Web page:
"Google is going to use Motorola's cable box business to force Google TV on people," they said. (Nope, Google sold off Motorola's set-top box business for $2.35 billion.)
"It's all about protecting Android with Motorola's patent portfolio," others said. (Yes, but it seems like Samsung is the one leading that effort for now.)
However, what people weren't saying, including Google, was that the Motorola acquisition would mean Google would start making its own phones and tablets, just like Apple does.
Google assured its Android hardware partners like Samsung, HTC, LG, and so many others that Android would remain an equal-opportunity platform, one where everyone will get a shot at making a hero phone. Motorola would be run as a separate entity, Google said when it first announced the Motorola acquisition.
And so far Google has held true to its word. Since the Motorola acquisition, Google has partnered with Samsung, Asus, and LG to make its Nexus-branded line of smartphones and tablets. Motorola has been on its own, making Droid-branded devices like the Droid Razr for Verizon.
Now we have a report from the Wall Street Journal that says Motorola and Google are working together on a new smartphone that will launch next year. The so-called "X Phone" project will be completely separate from the Droid phones Motorola makes for Verizon.
(By the way, we reported back in April that Google was going to start making its own smartphones and tablets with Motorola.)
The move marks a big shift for Google. After denying it intends to get into the hardware business, Google appears to be doing exactly that by using its own hardware company to develop a new smartphone to its exact specifications.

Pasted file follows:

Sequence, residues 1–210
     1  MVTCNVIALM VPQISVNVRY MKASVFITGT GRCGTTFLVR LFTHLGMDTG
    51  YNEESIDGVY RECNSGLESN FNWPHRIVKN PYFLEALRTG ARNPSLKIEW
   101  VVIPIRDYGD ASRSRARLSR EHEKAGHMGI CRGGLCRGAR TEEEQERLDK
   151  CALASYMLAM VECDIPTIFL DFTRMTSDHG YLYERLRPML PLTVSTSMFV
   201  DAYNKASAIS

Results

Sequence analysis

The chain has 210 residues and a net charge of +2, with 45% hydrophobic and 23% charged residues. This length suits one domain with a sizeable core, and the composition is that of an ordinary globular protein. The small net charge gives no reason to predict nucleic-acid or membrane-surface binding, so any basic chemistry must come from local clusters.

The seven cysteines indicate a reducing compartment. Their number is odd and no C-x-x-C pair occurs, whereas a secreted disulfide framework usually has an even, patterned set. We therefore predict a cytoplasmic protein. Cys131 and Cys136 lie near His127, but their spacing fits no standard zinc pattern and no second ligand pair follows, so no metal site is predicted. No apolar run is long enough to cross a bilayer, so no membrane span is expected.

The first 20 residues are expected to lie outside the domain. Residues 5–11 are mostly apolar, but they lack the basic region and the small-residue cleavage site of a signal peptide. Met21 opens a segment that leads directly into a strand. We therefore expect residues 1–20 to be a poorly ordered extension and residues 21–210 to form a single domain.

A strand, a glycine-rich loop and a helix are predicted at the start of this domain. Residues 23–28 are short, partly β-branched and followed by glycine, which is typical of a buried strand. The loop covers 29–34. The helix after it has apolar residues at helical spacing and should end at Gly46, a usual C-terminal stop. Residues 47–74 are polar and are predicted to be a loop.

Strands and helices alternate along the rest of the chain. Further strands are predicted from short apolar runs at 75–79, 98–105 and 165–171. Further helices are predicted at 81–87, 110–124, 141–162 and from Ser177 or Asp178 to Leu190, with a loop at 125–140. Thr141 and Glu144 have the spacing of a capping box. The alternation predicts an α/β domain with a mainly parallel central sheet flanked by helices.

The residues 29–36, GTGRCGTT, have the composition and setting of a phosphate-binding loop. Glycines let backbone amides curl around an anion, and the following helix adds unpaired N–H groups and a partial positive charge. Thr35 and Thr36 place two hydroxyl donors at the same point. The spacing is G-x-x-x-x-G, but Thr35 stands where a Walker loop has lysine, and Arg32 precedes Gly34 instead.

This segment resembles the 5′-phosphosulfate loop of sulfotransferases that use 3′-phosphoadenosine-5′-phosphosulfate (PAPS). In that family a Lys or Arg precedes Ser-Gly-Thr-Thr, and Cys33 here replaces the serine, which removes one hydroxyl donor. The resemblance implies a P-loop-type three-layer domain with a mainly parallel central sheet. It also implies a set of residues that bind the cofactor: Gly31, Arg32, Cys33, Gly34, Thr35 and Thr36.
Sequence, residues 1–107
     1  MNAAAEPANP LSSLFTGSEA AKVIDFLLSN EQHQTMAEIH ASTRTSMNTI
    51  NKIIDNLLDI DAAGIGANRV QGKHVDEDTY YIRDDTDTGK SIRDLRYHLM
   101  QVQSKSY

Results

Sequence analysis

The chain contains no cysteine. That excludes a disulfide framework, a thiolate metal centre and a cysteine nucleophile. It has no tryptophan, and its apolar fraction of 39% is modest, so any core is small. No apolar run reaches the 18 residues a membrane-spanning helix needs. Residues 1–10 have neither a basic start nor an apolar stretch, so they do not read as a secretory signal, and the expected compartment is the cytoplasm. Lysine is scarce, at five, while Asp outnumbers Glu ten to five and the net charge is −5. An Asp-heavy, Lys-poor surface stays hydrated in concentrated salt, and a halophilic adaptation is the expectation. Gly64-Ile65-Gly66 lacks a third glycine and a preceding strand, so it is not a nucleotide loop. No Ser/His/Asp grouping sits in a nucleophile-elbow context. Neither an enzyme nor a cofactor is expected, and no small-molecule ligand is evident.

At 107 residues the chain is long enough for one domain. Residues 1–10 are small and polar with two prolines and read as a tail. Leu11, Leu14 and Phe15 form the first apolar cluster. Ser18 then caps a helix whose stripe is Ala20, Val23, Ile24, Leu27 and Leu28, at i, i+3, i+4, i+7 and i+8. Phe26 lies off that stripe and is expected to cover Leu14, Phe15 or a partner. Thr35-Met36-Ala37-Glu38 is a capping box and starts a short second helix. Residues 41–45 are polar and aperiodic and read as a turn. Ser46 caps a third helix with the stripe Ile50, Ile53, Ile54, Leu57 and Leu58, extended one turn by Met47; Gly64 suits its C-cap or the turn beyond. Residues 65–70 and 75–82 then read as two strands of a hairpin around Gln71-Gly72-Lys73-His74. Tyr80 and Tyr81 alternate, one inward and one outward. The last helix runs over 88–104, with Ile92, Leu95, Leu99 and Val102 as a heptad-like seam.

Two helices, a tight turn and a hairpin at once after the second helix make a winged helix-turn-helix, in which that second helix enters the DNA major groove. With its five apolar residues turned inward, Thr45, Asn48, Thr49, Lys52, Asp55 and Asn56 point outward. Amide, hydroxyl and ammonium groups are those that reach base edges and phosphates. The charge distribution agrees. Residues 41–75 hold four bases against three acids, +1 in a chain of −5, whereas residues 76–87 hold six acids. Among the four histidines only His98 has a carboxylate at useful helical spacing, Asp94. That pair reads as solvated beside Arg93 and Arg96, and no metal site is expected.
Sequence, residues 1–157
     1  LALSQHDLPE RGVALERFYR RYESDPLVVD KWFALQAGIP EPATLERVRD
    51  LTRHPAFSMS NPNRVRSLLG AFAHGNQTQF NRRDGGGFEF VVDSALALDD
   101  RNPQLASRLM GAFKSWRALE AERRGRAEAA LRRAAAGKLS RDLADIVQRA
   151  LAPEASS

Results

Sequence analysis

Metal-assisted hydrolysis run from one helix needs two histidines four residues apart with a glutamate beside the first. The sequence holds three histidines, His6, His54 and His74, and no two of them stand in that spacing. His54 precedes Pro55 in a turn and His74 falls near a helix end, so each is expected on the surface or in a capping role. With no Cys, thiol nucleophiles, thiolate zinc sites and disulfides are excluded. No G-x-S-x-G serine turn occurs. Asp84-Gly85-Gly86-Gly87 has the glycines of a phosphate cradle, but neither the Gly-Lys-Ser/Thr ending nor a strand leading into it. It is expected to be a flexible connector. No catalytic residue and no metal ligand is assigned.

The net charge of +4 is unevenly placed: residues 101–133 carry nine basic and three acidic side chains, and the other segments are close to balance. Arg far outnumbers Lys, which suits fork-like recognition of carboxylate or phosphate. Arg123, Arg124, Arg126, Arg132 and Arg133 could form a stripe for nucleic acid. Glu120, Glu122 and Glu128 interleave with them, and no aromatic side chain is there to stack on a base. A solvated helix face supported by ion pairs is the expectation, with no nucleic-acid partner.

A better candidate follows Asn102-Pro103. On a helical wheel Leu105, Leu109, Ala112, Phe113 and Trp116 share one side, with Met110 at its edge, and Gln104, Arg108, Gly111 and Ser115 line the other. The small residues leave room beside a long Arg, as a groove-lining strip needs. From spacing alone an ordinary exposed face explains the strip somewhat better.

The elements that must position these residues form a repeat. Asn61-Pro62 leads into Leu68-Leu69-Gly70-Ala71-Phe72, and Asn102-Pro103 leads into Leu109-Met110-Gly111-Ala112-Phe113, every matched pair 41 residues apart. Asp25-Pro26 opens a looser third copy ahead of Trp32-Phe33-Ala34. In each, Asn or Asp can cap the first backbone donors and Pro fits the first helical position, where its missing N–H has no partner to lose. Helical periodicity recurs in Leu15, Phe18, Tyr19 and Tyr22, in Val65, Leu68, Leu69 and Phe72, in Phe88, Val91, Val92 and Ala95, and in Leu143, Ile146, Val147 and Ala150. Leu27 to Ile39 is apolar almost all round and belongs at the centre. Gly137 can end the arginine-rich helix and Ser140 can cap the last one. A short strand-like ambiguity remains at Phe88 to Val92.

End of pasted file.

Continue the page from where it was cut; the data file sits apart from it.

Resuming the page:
This should also scare the pants off Samsung, HTC, LG, and others that rely on the free, open-sourced Android operating system to make phones that compete with Apple's iPhone. If Google and Motorola make their own phone together, they're instantly turning other hardware manufacturers into competitors, not partners.
And what's to keep Google from restricting the use of Android from its competitors, leaving the latest and greatest software features for its own hardware built by Motorola? What are the other guys supposed to do?
One solution we've heard Samsung and others are considering is to fork Android to their own specifications. That means modify Android beyond recognition and sell apps and content through their own online stores.
This is the same thing Amazon does with its Kindle Fire tablets. The Kindle Fire runs a heavily modified version of Android with all things Google stripped out. Amazon even uses Microsoft's Bing as the default search engine.
If Google gets serious about making its own hardware, you can expect Samsung, HTC, and all the others to do the same thing as Amazon.
via business insider